CHICAGO — The eighth installment of a series (Part 1Part 2Part 3Part 4Part 5Part 6, Part 7) in which artists send in a photo and a description of their workspace. Click here to see guidelines for submissions.

Monika Auch, Amsterdam, The Netherlands (site)

In the middle of my studio is a computerized loom and lots of different materials in big quantities: paper yarns on cones, thick specially-spun linen in a stack, bundles of horse hair in tightly bound tails, some orthodontic smart material and surgical tubes.

The glass cabinets on the right are left-overs from the Maritime museum. On the wall to the left there is a winch construction to pull large scale screen prints up into the eaves. There is a lot of natural light from skylights, big windows and an industrial concrete floor.

No music most of the times. A lot of dictionaries and books for my work as editor and freelance writer. The picture shows three looms: the computerized one from Switzerland, a sturdy Dutch loom and a foldable American darling. Maybe this is a metaphor.

CJ Nye, New York City (site)

My primary medium is oils. My process often involves layers of glazes which require significant time to cure in between, my studio is a live/work space and I have a cat. These factors combined often mean that I only have one full-on studio day a week. I answer my need to work more frequently by keeping a drafting table permanently set up to make works on paper — which I call Doodles. I give them that time-honored nomenclature by virtue of the fact that these simpler works more frequently bypass rational thought processes. I simply let the forms flow.

On days when I have been working on a particularly complex painting, or have been grappling with organization, orchestration, coordination, paperwork, etc., and my logical mind is completely spent, I feel the need to “let go” even more, so I turn off all but the light in the kitchen, and I Doodle in the dark.

Craig Kittner, Wilmington, North Carolina (site)

With the economy and all, I decided to fix up a corner of my one bedroom apartment as a studio. Tight as it is, I have windows with a northern exposure — the light down here is amazing. I’ve been getting out and exploring — walks in the woods and along the beaches and life drawing sessions at the art museum — returning with sketches and found objects to serve as subject matter. I’m also experimenting with a sketchbook app on my Kindle Fire tablet, using it both in and out of the studio.

My work is moving between drawing, painting and digital sketches with each approach influencing the others. In keeping with my small space I’m making lots of small pieces. Working rapidly, I am challenging my concepts of rendering and style to find what is vital to me and what works in this place.

Bo Bartlett, Columbus, Georgia (site)

This studio is my childhood bedroom. I bought my childhood home where I grew up in Columbus a few years ago. It is not as regressive as it may seem. This is the house in which most of my dreams occur.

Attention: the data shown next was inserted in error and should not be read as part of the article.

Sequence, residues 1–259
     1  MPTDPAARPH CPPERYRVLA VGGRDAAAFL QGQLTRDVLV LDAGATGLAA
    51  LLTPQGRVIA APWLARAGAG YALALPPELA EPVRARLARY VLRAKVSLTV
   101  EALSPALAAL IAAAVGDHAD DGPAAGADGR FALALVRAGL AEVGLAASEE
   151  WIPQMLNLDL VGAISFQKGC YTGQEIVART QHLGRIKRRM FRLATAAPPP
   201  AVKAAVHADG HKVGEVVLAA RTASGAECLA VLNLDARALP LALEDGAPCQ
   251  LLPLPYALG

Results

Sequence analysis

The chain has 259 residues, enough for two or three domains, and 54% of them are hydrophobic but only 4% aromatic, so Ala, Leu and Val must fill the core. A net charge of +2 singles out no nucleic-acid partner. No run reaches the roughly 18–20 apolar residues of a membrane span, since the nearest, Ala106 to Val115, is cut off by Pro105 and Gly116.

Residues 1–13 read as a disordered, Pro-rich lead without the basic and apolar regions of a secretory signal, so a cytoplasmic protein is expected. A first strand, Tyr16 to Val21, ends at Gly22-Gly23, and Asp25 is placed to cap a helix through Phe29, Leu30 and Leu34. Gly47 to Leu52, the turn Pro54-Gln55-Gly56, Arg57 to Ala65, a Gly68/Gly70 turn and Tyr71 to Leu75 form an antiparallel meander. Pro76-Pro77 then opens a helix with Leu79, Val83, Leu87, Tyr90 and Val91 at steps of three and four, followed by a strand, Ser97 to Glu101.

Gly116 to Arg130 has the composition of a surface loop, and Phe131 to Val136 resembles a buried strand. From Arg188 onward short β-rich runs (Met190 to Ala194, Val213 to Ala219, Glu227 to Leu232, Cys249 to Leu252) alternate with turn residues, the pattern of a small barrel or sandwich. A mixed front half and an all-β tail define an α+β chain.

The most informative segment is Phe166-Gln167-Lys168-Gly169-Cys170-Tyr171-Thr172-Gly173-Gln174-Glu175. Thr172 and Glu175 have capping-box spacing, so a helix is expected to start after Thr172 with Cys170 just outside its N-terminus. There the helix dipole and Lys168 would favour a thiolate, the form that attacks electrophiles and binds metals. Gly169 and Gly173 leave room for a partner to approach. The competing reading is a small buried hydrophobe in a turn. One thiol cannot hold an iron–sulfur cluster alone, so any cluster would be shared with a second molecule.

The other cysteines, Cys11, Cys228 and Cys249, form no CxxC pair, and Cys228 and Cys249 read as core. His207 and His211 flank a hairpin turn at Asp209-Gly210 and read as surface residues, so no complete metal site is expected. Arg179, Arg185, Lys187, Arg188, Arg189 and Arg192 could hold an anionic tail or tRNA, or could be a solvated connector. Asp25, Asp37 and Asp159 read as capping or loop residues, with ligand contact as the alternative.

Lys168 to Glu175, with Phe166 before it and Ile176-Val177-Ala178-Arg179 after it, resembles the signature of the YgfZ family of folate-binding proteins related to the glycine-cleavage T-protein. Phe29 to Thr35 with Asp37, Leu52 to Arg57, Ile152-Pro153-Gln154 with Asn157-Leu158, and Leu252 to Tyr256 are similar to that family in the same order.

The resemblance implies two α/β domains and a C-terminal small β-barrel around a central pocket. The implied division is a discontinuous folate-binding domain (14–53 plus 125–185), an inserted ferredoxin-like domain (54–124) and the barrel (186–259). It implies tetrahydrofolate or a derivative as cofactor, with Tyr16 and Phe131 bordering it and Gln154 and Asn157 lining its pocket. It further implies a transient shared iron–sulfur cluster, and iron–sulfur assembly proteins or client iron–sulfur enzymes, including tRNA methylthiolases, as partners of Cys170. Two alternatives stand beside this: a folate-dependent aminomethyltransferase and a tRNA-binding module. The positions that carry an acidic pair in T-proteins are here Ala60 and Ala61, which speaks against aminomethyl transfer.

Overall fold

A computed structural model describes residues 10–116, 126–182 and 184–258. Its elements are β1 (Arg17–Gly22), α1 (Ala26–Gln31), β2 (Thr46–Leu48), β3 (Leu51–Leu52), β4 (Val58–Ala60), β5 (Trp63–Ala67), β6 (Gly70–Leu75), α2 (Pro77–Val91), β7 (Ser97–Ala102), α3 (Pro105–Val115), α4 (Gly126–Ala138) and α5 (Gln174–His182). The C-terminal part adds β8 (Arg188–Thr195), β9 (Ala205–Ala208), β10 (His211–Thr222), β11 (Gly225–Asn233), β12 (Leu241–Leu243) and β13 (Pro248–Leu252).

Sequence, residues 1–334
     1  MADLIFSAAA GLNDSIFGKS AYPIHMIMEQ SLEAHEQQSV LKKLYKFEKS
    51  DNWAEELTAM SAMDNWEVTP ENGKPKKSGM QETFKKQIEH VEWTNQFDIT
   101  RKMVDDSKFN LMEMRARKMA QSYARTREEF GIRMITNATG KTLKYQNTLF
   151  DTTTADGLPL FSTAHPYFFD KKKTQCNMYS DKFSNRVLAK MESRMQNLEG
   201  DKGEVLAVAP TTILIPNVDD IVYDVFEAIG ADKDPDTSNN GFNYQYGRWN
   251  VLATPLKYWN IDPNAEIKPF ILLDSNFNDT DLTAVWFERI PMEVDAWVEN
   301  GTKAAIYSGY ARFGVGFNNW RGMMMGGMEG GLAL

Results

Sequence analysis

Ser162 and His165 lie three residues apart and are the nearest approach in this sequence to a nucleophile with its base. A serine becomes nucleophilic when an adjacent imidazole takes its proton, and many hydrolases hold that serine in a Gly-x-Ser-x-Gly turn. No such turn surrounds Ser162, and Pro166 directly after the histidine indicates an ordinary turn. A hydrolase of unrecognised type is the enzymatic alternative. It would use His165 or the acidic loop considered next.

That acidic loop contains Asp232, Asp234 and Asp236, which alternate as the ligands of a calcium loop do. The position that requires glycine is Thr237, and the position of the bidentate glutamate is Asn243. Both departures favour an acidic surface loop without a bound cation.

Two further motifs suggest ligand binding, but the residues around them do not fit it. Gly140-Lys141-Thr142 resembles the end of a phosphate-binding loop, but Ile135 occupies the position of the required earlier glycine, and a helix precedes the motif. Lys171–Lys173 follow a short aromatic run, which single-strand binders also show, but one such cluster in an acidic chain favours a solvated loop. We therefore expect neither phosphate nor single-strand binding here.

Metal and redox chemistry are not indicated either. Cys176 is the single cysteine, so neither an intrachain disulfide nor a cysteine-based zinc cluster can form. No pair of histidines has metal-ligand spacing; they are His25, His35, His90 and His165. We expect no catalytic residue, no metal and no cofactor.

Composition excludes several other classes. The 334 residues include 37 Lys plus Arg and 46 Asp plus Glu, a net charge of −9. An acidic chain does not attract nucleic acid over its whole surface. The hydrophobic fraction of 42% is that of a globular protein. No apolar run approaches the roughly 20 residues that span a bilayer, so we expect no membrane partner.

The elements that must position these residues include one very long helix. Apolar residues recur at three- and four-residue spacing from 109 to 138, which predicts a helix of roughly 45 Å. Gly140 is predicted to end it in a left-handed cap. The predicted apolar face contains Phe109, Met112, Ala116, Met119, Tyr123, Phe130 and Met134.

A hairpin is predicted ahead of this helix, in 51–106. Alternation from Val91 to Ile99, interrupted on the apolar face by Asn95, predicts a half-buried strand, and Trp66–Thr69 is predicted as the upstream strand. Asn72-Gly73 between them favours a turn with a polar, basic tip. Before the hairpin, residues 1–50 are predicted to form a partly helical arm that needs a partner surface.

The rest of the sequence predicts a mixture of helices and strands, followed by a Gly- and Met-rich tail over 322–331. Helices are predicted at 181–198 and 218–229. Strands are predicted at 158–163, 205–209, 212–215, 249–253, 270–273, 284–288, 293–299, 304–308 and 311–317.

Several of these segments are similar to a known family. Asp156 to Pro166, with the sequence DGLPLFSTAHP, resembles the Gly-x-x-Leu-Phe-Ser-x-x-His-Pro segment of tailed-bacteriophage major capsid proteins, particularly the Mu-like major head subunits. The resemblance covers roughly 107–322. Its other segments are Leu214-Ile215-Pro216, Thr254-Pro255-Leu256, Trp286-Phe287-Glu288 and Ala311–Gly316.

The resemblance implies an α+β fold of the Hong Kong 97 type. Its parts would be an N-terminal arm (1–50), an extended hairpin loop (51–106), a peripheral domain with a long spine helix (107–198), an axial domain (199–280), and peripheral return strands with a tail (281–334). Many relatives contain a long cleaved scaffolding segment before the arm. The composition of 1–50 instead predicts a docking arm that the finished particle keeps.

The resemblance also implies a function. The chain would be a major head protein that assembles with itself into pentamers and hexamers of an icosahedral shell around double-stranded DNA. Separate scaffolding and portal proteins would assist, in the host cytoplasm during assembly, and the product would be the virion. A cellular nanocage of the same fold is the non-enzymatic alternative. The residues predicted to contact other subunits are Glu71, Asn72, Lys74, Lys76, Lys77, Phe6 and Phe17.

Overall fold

Everywhere I look there is a wealth of memory. There is a heightened emotional hippocampus response which gets into the painting. My childhood, my past, my entire life is in a sustained numinous balance when I work here.

Bernard Klevickas, Long Island City, New York (site)

My studio is a messy 1,800 square feet ground floor, garage door, 12 foot high ceiling space with skylights. I share this with the artist Jordan!™ and occasionally others come in to work on projects. The equipment all around is stuff I’ve amassed over time, most of it for free or cheap.

Left to distance to right: tool cabinet, air compressor, bronze figure sculpture by Jacqueline Hirsch, blue wavy thing leaning against the wall is a two-part sculpture of mine that normally is horizontal. Hanging above is a space heater. The garage door is at the front. I am in the process of building large sheetrock doors at the front to help seal in the heat and provide wallspace for hanging art.

The doors to the right are for two small bathrooms, cold water only, until I buy a water heater. One bathroom may become a shower. The bright yellow thing is an English wheel for forming curves into sheet metal. Above is shelf space currently storing an accumulation of damages, abandoned bicycles that I use for some up-cycled art. Oh, and there is part of a yellow taxi cab bumper that I found on the sidewalk.

Below, the large circular thing is the flywheel for a punch/press, and then a drill press next to it, then a milling machine and pinkish table/cabinet. In the center is a work table with stuff on it. The hose from out of the movie Brazil is for ventilation from welding and patina fumes.

Each day I come in, turn on the heaters, go out and get breakfast, then come back and try to catch up on my emails while eating breakfast. Then my ass gets sore and I get up and start making things.

Philip Hartigan is a UK-born artist and writer who now lives, works and teaches in Chicago. He also writes occasionally for Time Out-Chicago. Personal narratives (his own, other peoples', and invented)...